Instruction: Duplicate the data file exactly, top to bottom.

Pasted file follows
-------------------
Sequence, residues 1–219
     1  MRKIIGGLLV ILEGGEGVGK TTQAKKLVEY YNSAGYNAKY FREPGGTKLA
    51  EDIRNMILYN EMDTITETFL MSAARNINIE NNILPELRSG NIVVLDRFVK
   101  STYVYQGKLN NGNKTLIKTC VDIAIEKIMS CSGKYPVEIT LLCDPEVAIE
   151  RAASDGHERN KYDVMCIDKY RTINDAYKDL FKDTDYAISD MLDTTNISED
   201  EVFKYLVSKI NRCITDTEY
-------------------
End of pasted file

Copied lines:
Sequence, residues 1–219
     1  MRKIIGGLLV ILEGGEGVGK TTQAKKLVEY YNSAGYNAKY FREPGGTKLA
    51  EDIRNMILYN EMDTITETFL MSAARNINIE NNILPELRSG NIVVLDRFVK
   101  STYVYQGKLN NGNKTLIKTC VDIAIEKIMS CSGKYPVEIT LLCDPEVAIE
   151  RAASDGHERN KYDVMCIDKY RTINDAYKDL FKDTDYAISD MLDTTNISED
   201  EVFKYLVSKI NRCITDTEY